Readers like you keep news free for everyone.

More than 5,000 readers have already pitched in to keep free access to The Journal.

For the price of one cup of coffee each week you can help keep paywalls away.

Support us today
Not now
Wednesday 4 October 2023 Dublin: 11°C
# Driving ban
One in 12 drivers involved in collision or near miss because of drink driving
Transport Minister Shane Ross wants people who are caught drink driving to receive an automatic disqualification.

ALMOST ONE IN 12 Irish motorists have been involved in a collision or experienced a near miss due to alcohol.

A recent survey of over 6,000 motorists found that 7.39% of those surveyed had been involved in a near miss or collision where they or another road user were driving under the influence of alcohol.

Just under 2% of those surveyed reported being involved in one such incident within the past year, while 4.31% said they had been involved in at least one incident over a year ago. Just under 2% said they have never been involved in an incident caused by alcohol.

Currently, anyone with a full licence caught driving with an alcohol level between 50mg and 80mg is liable to receive three penalty points and a €200 fine. A Bill currently making its way through the Oireachtas would see an automatic disqualification for drivers on their first offence of drink driving.

Attitude towards alcohol 

The survey of 6,458 motorists was carried out by AA Car Insurance. Speaking about its findings, Conor Faughnan, AA Director of Consumer Affairs, said: “As a country our attitude towards drink driving has come a long way, but there is still a great deal of work to be done in order to truly stamp out this behaviour.”

Faughan added that “some of the worst accidents we see on our roads every year” happen as a result of people drink driving.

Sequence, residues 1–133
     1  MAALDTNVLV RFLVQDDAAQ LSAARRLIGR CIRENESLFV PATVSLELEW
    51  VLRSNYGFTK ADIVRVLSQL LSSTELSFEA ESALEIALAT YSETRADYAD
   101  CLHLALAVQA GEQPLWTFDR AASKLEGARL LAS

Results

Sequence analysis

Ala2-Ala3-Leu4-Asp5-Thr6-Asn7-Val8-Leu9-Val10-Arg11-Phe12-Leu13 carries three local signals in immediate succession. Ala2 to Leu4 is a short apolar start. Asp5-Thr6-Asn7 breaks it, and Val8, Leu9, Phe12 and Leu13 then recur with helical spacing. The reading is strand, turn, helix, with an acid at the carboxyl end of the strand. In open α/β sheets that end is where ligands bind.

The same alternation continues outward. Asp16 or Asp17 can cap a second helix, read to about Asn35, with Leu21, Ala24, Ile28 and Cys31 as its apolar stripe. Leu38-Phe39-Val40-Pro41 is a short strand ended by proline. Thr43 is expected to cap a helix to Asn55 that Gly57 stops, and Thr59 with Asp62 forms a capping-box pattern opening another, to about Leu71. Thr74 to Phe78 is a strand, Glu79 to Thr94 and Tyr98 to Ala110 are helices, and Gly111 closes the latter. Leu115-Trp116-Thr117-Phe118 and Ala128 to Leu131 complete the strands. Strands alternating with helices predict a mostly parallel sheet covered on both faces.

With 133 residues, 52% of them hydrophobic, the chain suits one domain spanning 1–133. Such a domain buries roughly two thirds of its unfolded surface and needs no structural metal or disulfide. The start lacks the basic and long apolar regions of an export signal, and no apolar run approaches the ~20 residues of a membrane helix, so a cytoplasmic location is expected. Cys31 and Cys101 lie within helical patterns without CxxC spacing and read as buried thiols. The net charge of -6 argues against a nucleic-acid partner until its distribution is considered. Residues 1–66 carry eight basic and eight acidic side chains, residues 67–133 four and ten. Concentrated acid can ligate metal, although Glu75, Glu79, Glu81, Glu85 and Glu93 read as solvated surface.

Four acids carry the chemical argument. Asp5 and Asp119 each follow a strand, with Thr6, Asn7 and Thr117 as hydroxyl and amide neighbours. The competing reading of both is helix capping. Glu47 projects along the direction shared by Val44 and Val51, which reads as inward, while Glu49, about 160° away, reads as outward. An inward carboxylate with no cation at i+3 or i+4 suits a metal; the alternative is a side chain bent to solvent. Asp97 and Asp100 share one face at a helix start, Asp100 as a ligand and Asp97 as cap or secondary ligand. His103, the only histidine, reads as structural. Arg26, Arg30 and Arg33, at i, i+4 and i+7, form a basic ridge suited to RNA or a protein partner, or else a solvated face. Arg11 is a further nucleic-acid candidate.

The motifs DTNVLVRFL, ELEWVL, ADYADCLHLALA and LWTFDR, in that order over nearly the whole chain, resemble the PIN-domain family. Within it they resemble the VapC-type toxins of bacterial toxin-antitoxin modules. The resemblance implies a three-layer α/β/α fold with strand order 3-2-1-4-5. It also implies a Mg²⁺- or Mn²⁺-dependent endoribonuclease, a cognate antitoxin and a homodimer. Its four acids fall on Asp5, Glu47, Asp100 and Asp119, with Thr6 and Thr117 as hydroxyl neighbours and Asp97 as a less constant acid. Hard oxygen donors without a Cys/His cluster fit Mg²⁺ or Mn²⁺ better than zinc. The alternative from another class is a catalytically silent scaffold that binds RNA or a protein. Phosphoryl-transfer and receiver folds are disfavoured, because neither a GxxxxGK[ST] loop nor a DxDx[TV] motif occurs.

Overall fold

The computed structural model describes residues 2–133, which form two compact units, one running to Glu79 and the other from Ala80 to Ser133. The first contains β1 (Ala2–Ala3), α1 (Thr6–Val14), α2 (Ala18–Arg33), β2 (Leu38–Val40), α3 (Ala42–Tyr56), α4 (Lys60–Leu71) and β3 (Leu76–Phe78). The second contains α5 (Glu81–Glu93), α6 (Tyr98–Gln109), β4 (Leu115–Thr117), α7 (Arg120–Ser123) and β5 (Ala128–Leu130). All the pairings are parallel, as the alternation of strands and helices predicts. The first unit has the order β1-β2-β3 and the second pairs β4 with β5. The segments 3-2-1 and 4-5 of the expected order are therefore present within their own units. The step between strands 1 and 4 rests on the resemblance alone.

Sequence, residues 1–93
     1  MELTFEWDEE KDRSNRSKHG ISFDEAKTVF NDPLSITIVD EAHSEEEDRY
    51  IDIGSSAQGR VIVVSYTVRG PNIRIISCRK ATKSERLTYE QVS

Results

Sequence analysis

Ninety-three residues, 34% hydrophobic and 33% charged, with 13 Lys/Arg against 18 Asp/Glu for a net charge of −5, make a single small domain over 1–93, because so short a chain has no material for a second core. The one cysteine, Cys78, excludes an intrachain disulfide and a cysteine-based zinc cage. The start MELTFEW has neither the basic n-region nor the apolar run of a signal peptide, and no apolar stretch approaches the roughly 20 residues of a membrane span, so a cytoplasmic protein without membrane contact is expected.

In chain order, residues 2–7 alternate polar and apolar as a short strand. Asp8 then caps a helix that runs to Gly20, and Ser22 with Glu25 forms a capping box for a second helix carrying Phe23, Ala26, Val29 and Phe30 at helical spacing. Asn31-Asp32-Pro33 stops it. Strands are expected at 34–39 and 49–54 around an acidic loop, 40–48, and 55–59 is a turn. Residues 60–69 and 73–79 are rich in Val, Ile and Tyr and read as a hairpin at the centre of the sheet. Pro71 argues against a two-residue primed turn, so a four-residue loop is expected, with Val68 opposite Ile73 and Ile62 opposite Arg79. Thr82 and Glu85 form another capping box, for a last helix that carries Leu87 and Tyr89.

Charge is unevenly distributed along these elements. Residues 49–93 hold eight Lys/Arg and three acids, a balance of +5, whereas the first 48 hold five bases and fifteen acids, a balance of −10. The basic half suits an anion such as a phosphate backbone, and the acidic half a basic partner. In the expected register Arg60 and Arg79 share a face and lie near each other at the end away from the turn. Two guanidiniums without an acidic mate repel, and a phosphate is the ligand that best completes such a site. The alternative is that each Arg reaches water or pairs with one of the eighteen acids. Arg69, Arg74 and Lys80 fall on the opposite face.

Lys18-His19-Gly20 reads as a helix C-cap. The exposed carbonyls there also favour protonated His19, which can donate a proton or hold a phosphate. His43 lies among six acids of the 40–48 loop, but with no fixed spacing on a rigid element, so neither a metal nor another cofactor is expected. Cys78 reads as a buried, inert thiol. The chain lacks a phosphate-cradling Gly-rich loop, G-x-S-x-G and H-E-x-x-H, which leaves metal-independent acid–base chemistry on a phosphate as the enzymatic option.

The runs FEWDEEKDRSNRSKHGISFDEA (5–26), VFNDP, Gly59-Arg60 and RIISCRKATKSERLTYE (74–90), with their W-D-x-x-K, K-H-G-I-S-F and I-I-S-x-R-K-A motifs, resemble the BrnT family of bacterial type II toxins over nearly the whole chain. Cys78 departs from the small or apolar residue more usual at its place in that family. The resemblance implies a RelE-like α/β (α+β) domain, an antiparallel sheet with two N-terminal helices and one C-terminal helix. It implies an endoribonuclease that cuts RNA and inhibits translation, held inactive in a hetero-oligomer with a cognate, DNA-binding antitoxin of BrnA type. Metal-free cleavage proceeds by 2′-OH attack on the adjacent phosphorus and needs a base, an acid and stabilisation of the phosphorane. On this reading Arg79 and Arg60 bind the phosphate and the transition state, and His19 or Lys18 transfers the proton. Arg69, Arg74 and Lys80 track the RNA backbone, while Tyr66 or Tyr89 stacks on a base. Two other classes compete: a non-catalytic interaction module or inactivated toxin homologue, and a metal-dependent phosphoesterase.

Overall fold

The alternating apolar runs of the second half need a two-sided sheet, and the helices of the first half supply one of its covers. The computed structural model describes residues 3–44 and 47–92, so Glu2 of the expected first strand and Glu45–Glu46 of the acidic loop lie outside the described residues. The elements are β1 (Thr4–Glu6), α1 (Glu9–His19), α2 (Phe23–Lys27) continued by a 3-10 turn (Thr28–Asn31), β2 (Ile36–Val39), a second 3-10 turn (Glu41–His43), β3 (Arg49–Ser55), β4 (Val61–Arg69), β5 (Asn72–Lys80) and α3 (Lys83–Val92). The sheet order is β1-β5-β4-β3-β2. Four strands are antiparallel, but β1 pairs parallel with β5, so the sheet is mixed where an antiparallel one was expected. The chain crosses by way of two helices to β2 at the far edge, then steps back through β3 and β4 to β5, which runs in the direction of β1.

Of those who reported being involved in a near miss or collision because of drink driving, a quarter (25.05%) occurred on secondary roads, while 17.41% took place on primary or main roads.

The survey also found that 16.99% of such incidents occurred on minor roads.

“Unfortunately, if people have not seen a garda on their journey home in months or years they may be tempted to take the chance of drink driving. While it’s ultimately the motorist’s own responsibility to obey the rules of the road, a more visible garda force on minor roads would certainly help stamp out this behaviour,” Faughnan said.

Read: Shane Ross accidentally voted against his own drink-driving bill in the Dáil today

Read: ‘The system is too lenient’: Speeding drivers could face a ban even on first offence

Your Voice
Readers Comments
This is YOUR comments community. Stay civil, stay constructive, stay on topic. Please familiarise yourself with our comments policy here before taking part.
Leave a Comment
    Submit a report
    Please help us understand how this comment violates our community guidelines.
    Thank you for the feedback
    Your feedback has been sent to our team for review.

    Leave a commentcancel